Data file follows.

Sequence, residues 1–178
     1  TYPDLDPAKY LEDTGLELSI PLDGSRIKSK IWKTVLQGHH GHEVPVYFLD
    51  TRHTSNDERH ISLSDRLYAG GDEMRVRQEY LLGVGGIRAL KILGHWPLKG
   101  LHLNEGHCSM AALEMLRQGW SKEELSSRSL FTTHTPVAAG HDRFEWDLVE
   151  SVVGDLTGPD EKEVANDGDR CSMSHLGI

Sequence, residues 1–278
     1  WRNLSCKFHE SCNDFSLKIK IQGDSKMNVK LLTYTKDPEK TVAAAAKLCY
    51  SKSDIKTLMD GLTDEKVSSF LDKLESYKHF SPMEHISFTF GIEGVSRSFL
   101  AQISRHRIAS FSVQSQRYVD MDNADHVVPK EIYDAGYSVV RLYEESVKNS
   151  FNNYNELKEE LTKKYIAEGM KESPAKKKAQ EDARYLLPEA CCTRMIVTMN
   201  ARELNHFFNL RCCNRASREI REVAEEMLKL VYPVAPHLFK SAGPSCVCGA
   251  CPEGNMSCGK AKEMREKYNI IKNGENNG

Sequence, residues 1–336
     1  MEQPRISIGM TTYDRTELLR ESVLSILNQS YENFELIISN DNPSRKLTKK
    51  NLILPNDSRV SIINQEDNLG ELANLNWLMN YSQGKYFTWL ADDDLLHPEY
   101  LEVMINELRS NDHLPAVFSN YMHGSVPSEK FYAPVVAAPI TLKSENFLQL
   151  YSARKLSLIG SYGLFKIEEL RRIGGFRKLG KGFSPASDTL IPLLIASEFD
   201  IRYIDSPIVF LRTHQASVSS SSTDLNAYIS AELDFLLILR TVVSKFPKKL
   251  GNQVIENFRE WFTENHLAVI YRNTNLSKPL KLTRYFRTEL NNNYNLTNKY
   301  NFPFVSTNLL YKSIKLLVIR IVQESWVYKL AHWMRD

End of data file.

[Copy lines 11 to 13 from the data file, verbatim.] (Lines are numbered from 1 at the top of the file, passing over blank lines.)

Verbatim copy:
   201  ARELNHFFNL RCCNRASREI REVAEEMLKL VYPVAPHLFK SAGPSCVCGA
   251  CPEGNMSCGK AKEMREKYNI IKNGENNG

Sequence, residues 1–336